Consistent picture of the ideal teacher and the ideal pupil in school policy documents

Lena Sjöberg, a PhD student at the University of Gothenburg and lecturer at University West in Trollhättan, has critically reviewed various types of policy document from the 1940s through to today.

These include government reports and bills, European Commission texts, Swedish Teachers' Union campaign materials, and student teachers' examination assignments.

“A relatively consistent, and so powerful, picture emerges of the ideal teacher and the ideal pupil today,” says Sjöberg. “They constantly want to learn more and be mobile, creative, flexible and productive.”

Sjöberg notes the large number of systems and techniques created since the 1990s to steer pupils and teachers in the right direction, such as national testing, teacher licensing, developmental dialogues and personal development plans.

Extensive control

“These systems and techniques have come at the same time that schools have been deregulated and decentralised. There is much talk about the competent student and the professional teacher, but in practice there is a big gap between the rhetoric and the extensive control that has been built up.”

The policy documents also reveal a lack of consensus on how the teaching personality is formed. From the mid-1960s until the early 1980s, the documents suggested that teacher training could actually mould the teaching personality, and this view is still around today.

Genetic predisposition

A competing view is that a teacher needs certain inherent personality traits, as expressed in the 2007 government report on teacher training HUT 07, which argues that teachers need to have an aptitude for the profession: “However good the training is, it cannot create the good teacher that children and pupils need if he or she does not have the essentials for successfully pursuing the profession,” the report says.

“This is an echo from the mid-20th century,” says Sjöberg. “It was also said back then that teachers need to have a certain natural predisposition.”

“This is probably part of the personal characteristics that cannot to any great extent be influenced by teacher training,” states a bill from the 1950s.

There are therefore parallels between the mid-20th century and today – but there is also a big difference:

“Back then, schools were considered first and foremost to have a democratic role. Today, there is instead an economic rationality that prevails – the aim of education is now primarily to increase our competitiveness in the global economy and ideally take Sweden to the top of the class. This change in how the role of education is perceived can be seen not only in the Swedish documents but also in the European Commission texts.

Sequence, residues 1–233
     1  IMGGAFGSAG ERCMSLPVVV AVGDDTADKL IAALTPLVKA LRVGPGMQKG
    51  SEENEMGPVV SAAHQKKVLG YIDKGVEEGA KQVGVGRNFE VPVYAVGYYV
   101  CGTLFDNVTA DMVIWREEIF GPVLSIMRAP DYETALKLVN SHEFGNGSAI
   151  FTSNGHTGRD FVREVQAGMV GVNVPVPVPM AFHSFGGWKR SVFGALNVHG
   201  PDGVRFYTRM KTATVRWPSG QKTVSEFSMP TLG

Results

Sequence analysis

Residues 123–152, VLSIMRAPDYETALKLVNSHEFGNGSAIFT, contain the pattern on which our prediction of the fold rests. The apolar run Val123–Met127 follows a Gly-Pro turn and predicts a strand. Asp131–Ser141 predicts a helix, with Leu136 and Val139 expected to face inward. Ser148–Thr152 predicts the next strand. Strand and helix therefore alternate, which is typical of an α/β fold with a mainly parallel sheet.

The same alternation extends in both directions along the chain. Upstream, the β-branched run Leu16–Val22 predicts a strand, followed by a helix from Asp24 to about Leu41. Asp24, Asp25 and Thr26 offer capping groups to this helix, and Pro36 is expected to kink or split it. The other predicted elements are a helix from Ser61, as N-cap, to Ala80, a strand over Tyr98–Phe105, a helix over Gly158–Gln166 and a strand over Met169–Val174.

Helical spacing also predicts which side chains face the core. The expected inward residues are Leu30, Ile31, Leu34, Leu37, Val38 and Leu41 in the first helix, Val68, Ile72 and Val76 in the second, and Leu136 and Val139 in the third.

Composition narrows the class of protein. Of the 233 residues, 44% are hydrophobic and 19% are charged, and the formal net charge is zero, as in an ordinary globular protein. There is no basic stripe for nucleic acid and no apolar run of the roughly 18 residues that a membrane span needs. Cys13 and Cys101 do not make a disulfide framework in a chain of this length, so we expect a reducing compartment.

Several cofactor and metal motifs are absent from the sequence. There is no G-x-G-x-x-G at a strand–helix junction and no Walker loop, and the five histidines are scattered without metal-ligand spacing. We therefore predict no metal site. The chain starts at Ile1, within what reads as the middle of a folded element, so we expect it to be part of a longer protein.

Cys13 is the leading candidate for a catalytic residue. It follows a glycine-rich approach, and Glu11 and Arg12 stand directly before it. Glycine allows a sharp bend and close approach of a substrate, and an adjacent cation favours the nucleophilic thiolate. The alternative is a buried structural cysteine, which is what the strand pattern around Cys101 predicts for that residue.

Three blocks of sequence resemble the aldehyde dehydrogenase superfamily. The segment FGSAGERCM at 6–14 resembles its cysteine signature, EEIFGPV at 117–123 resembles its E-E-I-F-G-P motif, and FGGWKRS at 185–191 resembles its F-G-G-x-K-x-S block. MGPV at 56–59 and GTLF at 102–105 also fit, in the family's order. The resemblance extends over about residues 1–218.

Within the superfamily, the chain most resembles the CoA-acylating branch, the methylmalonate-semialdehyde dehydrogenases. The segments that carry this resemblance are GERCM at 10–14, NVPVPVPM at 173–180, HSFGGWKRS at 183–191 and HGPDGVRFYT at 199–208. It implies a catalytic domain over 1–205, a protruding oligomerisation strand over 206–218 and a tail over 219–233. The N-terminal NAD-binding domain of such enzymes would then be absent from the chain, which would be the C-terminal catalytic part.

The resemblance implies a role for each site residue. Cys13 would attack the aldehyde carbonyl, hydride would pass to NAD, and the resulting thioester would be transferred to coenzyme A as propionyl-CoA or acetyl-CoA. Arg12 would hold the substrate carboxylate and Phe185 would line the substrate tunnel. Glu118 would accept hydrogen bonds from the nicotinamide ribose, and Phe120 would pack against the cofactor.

For further information, please contact:
Lena Sjöberg, tel: +46 (0)70 993 2309, e-mail: lena.sjoberg@hv.se
Bibliographic data:
Journal: (EDUCARE, (1),73-99. 2010
Title: ”Same same, but different”. En genealogisk studie av den 'goda' läraren, den 'goda' eleven och den 'goda' skolan i svenska lärarutbildningsreformer 1940-2008,

Author: Sjöberg, Lena.

Media Contact

Helena Aaberg idw

Further information:

http://hdl.handle.net/2077/24101

All news from this category: Social Sciences

This area deals with the latest developments in the field of empirical and theoretical research as it relates to the structure and function of institutes and systems, their social interdependence and how such systems interact with individual behavior processes.

innovations-report offers informative reports and articles related to the social sciences field including demographic developments, family and career issues, geriatric research, conflict research, generational studies and criminology research.

Back to the Homepage

Comments (0)

Write comment

Latest posts

Optically Active Defects Improve Carbon Nanotubes

Heidelberg scientists achieve defect control with a new reaction pathway. The properties of carbon-based nanomaterials can be altered and engineered through the deliberate introduction of certain structural “imperfections” or defects….

Visualizing the motion of vortices in superfluid turbulence

Nobel laureate in physics Richard Feynman once described turbulence as “the most important unsolved problem of classical physics.” Understanding turbulence in classical fluids like water and air is difficult partly…

Toward a reliable oral treatment for sickle cell disease

For the millions of people worldwide who have sickle cell disease, there are only a few treatment options, which include risky bone marrow transplants, gene therapy or other treatments that…

Partners & Sponsors